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Rory McIlroy tops Phil Mickelson in ‘personal’ grudge match at the Ryder Cup

Ross Kinnaird/Getty Images

If Rory McIlroy appeared a tad more amped up than usual during his and Thomas Pieters’ 4&2 drubbing of Phil Mickelson and Rickie Fowler, that’s because Saturday morning’s foursomes outing was "personal" for the four-time major champion.

"When I saw the draw last night i was like, ‘Yes, I get to have a go at him again’ because my record against him in the Ryder Cup isn’t what I would like it to be," McIlroy said about taking on Mickelson, who had won three straight points against him entering Saturday.

"So, personally, I maybe wanted it a little bit more just for that reason," added McIlroy, who, partnered with Andy Sullivan, fell to Mickelson and Fowler, 1-down, in Friday’s foursomes.

Rory and Pieters, who have emerged as Europe’s dream team after a 3&2 beatdown of Dustin Johnson and Matt Kuchar in Friday’s fourball, put their FootJoys on the Americans’ throats early, going 3-up after five holes. Despite a U.S. mini-rally midway through the round, the duo never let Phil and Rickie off the mat.

The Ulsterman and Ryder Cup rookie Pieters finished them off with three straight birdies, as the Europeans took 2.5 of the four morning matches to trail the U.S. by just one point heading into the afternoon fourballs.

Those are the raw numbers, but they tell little of the emotion and fire that fueled McIlroy and Pieters’ impressive play

For sure, the anti-Europe fireworks that on Friday motivated McIlroy to take a bow after quieting the "hostile" gallery with a walk-off eagle putt in the afternoon session seemed more like a flickering candle compared to what went down on Saturday.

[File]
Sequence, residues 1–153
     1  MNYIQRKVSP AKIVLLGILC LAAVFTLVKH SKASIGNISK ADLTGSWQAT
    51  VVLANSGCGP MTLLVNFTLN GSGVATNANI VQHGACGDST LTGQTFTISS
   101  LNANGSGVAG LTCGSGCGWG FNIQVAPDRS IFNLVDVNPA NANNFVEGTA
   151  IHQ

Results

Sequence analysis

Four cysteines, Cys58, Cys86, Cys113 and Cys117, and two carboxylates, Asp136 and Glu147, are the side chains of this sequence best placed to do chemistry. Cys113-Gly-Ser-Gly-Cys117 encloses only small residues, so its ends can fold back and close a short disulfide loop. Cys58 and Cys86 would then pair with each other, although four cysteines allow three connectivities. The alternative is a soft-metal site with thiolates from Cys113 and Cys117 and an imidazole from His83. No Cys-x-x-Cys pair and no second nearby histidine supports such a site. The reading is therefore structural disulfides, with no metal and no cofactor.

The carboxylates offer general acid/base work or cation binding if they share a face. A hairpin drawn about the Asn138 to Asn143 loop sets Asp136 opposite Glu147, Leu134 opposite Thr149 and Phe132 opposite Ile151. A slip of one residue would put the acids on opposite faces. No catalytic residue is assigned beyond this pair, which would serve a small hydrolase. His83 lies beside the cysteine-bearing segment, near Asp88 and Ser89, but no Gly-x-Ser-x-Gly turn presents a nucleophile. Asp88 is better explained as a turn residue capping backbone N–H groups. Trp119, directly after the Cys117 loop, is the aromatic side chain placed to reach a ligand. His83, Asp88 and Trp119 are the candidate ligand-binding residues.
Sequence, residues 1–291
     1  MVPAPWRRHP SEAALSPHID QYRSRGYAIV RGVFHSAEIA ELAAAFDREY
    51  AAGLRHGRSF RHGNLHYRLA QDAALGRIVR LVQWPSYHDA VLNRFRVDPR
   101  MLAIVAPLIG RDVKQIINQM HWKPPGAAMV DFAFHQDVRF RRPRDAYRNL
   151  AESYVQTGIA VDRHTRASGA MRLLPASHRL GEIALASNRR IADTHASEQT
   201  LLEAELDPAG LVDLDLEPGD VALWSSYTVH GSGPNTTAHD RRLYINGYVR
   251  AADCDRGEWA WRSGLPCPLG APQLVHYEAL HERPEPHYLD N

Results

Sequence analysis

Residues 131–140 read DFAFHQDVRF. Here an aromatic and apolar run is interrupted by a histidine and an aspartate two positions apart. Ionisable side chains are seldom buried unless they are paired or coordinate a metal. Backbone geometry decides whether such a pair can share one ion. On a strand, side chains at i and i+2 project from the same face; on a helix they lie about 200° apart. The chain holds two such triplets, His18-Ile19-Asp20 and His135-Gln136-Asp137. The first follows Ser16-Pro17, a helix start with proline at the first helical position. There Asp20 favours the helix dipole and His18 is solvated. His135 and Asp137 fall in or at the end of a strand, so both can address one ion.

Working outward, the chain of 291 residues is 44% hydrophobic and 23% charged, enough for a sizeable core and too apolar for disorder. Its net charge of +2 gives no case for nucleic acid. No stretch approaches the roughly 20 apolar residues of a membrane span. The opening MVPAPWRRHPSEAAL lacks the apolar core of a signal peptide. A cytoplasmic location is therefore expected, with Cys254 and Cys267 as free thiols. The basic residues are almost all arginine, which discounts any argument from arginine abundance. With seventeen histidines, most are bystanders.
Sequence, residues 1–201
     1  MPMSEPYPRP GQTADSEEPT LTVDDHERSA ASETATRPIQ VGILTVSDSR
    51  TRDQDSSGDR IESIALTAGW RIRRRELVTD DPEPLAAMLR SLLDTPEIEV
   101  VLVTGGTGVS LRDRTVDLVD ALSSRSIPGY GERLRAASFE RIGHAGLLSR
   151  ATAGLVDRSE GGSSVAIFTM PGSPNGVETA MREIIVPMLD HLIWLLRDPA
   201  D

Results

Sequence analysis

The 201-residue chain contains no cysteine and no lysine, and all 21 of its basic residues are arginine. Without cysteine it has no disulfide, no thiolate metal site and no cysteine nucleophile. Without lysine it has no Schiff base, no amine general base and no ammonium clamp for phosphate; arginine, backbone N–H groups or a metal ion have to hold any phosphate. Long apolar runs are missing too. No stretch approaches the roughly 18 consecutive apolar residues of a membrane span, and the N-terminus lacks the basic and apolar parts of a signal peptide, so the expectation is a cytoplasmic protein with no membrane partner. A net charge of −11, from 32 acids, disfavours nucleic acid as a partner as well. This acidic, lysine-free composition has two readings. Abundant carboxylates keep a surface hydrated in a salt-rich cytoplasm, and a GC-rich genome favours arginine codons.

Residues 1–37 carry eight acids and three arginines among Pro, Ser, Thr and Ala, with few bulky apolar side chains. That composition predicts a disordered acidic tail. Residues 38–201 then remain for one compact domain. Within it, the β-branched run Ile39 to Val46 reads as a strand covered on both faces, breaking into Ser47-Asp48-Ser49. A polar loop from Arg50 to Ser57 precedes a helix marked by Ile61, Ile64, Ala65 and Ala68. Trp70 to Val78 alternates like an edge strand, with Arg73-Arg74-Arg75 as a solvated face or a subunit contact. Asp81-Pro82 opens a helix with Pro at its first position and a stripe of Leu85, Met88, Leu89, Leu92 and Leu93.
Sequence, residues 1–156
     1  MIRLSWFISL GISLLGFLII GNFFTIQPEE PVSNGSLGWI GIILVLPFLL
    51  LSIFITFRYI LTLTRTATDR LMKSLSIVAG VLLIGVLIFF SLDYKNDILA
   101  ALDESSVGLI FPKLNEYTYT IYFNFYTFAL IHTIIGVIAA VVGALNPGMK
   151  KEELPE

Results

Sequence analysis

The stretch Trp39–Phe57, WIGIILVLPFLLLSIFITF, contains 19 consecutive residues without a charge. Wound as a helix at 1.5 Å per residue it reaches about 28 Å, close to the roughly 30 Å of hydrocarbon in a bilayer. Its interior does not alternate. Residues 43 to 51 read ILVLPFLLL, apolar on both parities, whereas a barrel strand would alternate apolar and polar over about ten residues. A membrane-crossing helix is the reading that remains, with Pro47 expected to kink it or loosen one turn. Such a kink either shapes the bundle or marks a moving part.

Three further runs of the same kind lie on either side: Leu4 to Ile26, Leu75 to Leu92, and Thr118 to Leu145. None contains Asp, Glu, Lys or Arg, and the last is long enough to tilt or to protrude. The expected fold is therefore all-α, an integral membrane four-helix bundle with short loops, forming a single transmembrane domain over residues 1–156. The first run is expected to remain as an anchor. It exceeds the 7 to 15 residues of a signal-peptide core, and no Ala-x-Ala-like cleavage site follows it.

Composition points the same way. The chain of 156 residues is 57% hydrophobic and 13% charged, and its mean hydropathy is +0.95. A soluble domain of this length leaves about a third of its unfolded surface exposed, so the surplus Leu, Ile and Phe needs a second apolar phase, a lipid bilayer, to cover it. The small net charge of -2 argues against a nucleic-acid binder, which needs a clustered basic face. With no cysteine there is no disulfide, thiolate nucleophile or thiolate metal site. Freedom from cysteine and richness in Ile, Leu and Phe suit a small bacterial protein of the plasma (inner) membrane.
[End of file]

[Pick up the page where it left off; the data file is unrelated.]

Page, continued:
The crowd — which Jack Nicklaus on Saturday called "more nationalistic" than he ever experienced in eight stints as a Ryder Cup player and captain — was in full throat from the start, with one moron urging Pieters to hit his opening birdie putt "in the water." Instead, he drained it and went all Patrick Reed on the fans.

McIlroy, cheered for each mishit, let the partisans know he heard them as well.

And when Pieters buried a lengthy putt to make the outcome a formality, McIlroy could barely contain his enthusiasm.

The McIlroy-Mickelson grudge match was not the only one to spark eruptions across Hazeltine. Brandt Snedeker celebrated his and Brooks Koepka’s 3&2 win over Henrik Stenson and Matt Fitzpatrick.

And, of course, there was Sergio Garcia, always a target of U.S. golf enthusiasts, who, with Rafa Cabrera Bello, rebounded from 4-down to Jordan Spieth and Patrick Reed with seven to play to halve the match. After cutting the lead to one with a birdie at the 16th, he was serenaded with a "You have no major" ditty from the Minnesota faithful.

All that, and we’re only halfway through Saturday’s session.

NBC’s David Feherty summed it up succinctly.

"Six and a half to five and a half, and a day and half to go," he said after Garcia sank a knee-knocker to complete his team’s comeback.